Reader Stewart C. brought a very interesting segment from A Numbers Game to my attention and asked if I could write about the topic that was discussed. On Friday, Todd Wishnev joined Gill Alexander to talk about betting college basketball totals from an in-game standpoint and it was a fascinating discussion, but one that may have been tricky to grasp on air.
Before I get into the topic at hand, I want to tell everybody that Burke’s Betting Blurbs will be moving to the free newsletter (the earlier one) starting tomorrow. The goal is to reach even more people with these concepts and topics, so it will be part of the other daily email going forward.
Back to the Wishnev topic… Todd spoke about a shortcut formula to calculating the number of possessions that have been played to a certain point in the game and how that creates a betting opportunity with the live total. You only have to calculate one team, as the other one should roughly be the same, but you can do both just to make sure.
The formula is: Field Goal Attempts %plussign% (Free Throw Attempts * 0.5) %plussign% (Turnovers – Offensive Rebounds). The halftime example Todd used on air is that if there have been 30 FG attempts, 10 FT attempts, 8 TO and 5 OReb, you would have 30 %plussign% 5 %plussign% 3, so that would be a pace of 38 possessions, which is a very fast pace. A very slow first-half pace would be 28 or fewer possessions. The “average” will be somewhere around 32 or 33.
Full-game total lines are built on the expectation of pace. A game with a total of 125 implies a very slow pace, likely around 62 or 63 possessions. If a game is moving faster than that, 125 likely won't be enough for the total and the live betting line may not adjust properly.
Todd said on the segment that the median number of possessions in a game is 67.5, but you will see slow-paced teams that play to 63 or fewer possessions or fast-paced teams that play to 73 or more possessions. Games trending below or ahead of their expected pace create in-game totals betting opportunities because they’re being played slower or faster than the expectation, thus creating the chance for the game to be lower-scoring or higher-scoring than the line.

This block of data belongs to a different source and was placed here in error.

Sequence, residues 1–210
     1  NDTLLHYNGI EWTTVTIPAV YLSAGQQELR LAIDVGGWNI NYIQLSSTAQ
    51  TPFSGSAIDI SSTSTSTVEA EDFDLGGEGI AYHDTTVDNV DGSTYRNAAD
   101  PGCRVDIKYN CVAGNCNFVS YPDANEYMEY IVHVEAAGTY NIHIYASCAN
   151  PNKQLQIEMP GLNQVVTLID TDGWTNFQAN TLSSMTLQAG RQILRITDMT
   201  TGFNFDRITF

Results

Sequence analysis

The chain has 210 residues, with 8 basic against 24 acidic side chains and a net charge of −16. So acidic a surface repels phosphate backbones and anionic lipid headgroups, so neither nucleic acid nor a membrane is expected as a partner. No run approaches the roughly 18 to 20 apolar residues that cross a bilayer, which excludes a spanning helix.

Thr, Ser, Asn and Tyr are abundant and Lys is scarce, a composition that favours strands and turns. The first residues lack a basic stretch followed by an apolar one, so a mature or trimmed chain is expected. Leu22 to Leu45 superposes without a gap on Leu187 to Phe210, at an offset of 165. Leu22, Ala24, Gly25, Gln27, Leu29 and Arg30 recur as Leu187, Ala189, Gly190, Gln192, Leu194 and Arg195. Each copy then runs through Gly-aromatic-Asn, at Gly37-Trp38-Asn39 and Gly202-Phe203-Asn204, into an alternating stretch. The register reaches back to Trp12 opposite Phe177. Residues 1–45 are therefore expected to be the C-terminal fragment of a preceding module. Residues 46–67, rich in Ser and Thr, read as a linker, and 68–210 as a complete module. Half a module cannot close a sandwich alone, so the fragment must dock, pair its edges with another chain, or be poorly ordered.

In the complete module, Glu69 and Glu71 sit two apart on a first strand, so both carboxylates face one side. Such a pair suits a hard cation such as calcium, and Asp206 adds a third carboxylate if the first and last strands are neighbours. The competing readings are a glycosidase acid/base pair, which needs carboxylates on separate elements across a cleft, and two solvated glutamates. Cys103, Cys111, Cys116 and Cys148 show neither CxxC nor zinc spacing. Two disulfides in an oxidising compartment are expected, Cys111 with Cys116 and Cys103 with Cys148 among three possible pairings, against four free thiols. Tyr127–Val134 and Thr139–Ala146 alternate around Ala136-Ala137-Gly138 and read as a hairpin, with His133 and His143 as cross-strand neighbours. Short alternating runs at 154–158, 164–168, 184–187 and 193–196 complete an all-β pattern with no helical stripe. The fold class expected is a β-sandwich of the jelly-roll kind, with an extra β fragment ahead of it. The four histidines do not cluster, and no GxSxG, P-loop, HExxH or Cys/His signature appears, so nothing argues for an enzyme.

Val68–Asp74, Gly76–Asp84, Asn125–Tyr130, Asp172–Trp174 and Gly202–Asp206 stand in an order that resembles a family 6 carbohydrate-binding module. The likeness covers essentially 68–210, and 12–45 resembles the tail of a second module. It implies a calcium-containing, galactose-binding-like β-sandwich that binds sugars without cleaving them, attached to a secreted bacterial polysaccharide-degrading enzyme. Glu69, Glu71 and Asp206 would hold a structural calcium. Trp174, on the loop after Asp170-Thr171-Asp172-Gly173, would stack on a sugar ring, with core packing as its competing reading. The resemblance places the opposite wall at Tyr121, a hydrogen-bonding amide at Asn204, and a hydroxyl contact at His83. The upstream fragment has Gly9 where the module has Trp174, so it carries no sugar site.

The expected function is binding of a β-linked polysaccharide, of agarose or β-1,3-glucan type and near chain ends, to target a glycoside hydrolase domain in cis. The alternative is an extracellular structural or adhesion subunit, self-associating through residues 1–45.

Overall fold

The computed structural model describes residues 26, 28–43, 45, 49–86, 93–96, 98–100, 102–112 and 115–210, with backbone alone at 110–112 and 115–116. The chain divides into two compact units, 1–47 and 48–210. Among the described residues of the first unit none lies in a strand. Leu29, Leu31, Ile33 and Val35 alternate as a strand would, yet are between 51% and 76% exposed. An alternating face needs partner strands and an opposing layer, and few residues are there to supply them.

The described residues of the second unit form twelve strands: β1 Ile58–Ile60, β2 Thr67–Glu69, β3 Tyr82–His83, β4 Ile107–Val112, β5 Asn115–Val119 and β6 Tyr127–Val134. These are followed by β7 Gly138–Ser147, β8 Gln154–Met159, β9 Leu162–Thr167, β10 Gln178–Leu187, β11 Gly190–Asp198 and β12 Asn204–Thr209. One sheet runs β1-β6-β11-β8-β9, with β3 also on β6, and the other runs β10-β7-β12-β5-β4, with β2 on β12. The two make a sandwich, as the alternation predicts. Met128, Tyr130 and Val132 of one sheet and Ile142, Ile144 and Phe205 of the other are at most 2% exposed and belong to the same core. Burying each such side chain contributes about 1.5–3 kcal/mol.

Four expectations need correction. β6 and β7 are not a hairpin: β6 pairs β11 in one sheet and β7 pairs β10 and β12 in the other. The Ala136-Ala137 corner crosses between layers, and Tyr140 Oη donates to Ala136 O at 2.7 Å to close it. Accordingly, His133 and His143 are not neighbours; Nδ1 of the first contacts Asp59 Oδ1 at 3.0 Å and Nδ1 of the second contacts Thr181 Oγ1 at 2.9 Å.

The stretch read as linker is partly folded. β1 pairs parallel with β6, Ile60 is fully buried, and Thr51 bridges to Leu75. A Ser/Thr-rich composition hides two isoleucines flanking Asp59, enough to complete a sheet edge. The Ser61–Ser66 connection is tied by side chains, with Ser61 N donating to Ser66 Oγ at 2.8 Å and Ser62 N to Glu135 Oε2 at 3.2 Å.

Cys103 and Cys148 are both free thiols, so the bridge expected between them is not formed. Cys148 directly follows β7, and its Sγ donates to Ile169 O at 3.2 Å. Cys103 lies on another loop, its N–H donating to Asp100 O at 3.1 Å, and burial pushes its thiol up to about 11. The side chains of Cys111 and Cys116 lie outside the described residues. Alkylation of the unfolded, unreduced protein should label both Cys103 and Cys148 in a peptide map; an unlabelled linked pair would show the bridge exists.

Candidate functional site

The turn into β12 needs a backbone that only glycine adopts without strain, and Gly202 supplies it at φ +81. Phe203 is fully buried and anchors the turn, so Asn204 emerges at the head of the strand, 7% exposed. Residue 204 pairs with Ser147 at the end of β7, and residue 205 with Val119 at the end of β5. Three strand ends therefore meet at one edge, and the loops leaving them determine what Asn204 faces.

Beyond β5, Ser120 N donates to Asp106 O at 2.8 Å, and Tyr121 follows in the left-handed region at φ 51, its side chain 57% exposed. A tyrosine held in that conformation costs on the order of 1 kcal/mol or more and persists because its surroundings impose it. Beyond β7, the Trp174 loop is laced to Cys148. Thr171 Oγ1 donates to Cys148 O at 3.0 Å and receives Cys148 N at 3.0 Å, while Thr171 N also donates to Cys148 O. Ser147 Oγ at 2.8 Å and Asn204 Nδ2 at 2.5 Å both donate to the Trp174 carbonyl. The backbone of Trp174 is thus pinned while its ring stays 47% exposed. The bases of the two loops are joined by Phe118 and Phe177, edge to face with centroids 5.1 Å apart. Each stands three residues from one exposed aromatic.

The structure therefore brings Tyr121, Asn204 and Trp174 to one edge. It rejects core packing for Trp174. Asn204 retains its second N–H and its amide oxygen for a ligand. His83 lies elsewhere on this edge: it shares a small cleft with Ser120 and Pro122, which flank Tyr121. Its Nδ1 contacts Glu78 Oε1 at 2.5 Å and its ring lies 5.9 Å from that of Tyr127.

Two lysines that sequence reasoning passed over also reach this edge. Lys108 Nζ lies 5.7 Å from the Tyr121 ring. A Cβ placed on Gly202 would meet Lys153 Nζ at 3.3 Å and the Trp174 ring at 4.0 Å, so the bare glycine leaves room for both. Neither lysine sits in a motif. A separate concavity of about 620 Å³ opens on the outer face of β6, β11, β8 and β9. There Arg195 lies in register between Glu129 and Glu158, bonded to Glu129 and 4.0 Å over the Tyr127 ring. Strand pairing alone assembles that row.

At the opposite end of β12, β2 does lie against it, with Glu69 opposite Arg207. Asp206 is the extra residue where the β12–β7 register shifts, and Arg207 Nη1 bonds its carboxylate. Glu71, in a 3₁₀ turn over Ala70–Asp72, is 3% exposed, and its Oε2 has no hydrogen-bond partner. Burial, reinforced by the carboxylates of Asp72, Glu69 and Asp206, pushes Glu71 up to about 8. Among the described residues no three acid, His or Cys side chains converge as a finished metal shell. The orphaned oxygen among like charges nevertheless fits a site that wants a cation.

In-game algorithms won’t properly account for this. They are based on the pregame total and the pace that was expected. Furthermore, there are typically more possessions in the second half than the first half because of late-game fouling, teams trying to play faster to catch up, etc. If a game is ahead of its projected pace in the first half, you can reasonably assume that it will likely stay that way.
There are exceptions to this rule, like a game with really high shooting percentages that are likely to fall off. Games with a lot of turnovers create a “fake fast game”, as Wishnev noted. But, the idea here is that the live betting algorithms incorporated by the sportsbooks are limited in their scope of knowing what is actually happening in the game. The algorithms are mostly formulaic (purely math-based), so you can find edges in this market if you are studying live box scores.
I texted with Gill last night and he told me that he’s hoping to elaborate more on this with Wishnev tentatively scheduled for Monday’s edition of ANG. I’m also filling in on Prime Time Action on Monday and Tuesday and Gill and I will try to expand more on the topic as well, especially with games taking place as we’re on the air.
Thanks to Stewart C. for bringing this to my attention and I encourage readers and subscribers to reach out if they ever have any questions like this about something said on air or something written about here at VSiN.com.